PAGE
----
ALEC Model Resolution on Improving Community Supervision Policies and Practices


ALEC recognizes the importance of effective community supervision policies that advance public safety and provide accountability while restricting freedom to the least extent necessary for these purposes.  By adopting proven policies and practices that are backed by evidence and data, jurisdictions can maximize the opportunity for supervision systems to be a gateway to success rather than a pathway to prison, while also achieving important outcomes such as reducing recidivism, increasing employment, preserving families, ensuring victims’ needs are met, and reducing costs to taxpayers.

ALEC Model Resolution on Improving Community Supervision Policies and Practices

ALEC Model Resolution on Improving Community Supervision Policies and Practices

WHEREAS, probation dates back to England in the Middle Ages and stemmed from a public desire for alternatives for many offenses to harsh punishments by the King such as flogging and mutilation, and still serves a vital role in every state as an off-ramp from incarceration at a small fraction of the cost to taxpayers;

WHEREAS, parole can be traced back to the early 1800’s in the British empire and serves the important purposes of balancing justice with mercy, allowing for consideration of factors that may not have been fully known or appreciated at the time of sentencing, providing an incentive for good behavior and completion of programs during incarceration, and ensuring accountability and promoting reintegration upon release from prison;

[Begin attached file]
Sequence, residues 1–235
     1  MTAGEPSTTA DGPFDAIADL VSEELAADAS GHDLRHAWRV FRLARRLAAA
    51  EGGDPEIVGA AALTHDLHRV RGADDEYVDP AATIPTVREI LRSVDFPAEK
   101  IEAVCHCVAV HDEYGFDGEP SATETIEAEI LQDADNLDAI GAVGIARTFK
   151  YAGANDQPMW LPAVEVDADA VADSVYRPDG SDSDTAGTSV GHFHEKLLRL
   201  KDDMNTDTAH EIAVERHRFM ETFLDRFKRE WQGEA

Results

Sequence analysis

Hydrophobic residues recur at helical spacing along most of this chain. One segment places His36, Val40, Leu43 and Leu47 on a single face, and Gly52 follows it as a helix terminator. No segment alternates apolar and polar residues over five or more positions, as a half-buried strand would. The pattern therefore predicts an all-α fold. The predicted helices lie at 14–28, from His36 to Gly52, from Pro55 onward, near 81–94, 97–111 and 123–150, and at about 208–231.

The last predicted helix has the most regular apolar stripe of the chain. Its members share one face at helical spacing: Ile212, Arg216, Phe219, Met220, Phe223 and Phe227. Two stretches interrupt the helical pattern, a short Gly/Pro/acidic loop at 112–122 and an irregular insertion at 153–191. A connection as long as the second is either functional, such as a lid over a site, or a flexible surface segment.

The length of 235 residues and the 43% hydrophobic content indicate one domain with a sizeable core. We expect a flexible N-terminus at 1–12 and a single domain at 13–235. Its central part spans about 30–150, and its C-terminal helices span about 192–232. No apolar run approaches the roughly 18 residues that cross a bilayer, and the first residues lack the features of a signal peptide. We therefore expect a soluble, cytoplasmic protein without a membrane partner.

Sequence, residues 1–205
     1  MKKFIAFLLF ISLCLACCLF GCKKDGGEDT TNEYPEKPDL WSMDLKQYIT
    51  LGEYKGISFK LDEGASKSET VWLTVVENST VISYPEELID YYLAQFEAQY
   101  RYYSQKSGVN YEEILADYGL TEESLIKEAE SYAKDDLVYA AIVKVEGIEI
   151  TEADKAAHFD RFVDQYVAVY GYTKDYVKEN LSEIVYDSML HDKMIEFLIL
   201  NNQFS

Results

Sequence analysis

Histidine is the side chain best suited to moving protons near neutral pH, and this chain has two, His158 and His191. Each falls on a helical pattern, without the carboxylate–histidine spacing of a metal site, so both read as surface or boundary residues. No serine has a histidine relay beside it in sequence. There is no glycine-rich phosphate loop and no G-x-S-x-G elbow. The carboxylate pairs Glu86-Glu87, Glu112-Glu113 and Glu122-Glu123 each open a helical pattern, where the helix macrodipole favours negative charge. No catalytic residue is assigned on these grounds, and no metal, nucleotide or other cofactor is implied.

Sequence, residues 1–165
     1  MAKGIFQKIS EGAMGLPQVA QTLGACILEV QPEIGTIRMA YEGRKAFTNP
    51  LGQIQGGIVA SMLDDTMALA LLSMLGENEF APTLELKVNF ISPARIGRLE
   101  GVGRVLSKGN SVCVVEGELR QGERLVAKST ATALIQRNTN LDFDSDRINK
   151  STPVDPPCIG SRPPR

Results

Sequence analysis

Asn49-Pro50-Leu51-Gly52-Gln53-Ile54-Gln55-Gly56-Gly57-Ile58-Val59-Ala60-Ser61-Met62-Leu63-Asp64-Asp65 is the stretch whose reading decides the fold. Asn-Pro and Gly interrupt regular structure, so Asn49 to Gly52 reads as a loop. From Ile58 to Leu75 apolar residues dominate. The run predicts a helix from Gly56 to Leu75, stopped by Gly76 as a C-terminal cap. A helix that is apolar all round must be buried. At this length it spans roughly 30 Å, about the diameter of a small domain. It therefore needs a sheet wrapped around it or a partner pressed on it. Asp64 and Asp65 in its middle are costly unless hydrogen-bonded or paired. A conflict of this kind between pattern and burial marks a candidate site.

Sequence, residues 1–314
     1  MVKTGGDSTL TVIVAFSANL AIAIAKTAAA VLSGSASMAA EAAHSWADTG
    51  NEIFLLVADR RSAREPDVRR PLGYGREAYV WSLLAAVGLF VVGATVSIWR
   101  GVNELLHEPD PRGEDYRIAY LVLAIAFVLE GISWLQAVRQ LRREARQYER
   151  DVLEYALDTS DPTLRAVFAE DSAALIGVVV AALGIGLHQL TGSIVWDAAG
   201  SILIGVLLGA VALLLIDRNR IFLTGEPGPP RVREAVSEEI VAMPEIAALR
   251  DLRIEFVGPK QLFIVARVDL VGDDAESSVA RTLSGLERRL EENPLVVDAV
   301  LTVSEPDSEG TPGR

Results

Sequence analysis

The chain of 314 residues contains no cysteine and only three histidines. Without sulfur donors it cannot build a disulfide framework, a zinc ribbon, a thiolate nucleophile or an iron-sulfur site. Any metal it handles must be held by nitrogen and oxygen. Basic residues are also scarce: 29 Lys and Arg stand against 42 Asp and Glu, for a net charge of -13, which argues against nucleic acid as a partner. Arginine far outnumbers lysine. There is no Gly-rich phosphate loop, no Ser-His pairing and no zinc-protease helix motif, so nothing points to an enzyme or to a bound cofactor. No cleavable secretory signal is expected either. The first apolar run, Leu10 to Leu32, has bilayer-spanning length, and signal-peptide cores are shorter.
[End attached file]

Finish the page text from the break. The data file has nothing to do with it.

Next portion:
WHEREAS, as of 2016, the most recent year for which data was available, some 4.5 million people, or 1 in 55 American adults, were on probation or parole;

WHEREAS, while every state had parole as of 1975, between 1976 and 2000, some 16 states abolished parole, and no state has either instituted or abolished parole since 2000;

WHEREAS, nearly a third of the 2.3 million people who exit community supervision each year fail to successfully complete their term;

WHEREAS, 37 states experienced drops in both the number of people under community supervision and crime rates from 2007 to 2016, including Texas and South Carolina, which cut their supervision and crime rates by at least 20 percent;

WHEREAS, about half of all prison admissions involve revocations from probation and parole and about 40 percent of these revocations are for technical violations rather than new offenses;

WHEREAS, an overreliance on probation fees to fund supervision can trade-off with other priorities such as victim restitution and child support and create a perverse incentive to keep individuals under supervision longer than necessary who consistently pay their fines but no longer require supervision so that their revenue subsidizes supervision of those who cannot afford to pay but need monitoring;

WHEREAS; research indicates that supervision conditions should be tailored to the individual’s offense, risk factors, and criminogenic needs and conditions should not interfere with pro-social activities such as employment. However, in many cases dozens of cookie-cutter conditions are imposed without such a nexus while, due in part to excessive caseloads that can be 200 or more in some jurisdictions, important conditions for those most at risk of recidivating are not enforced;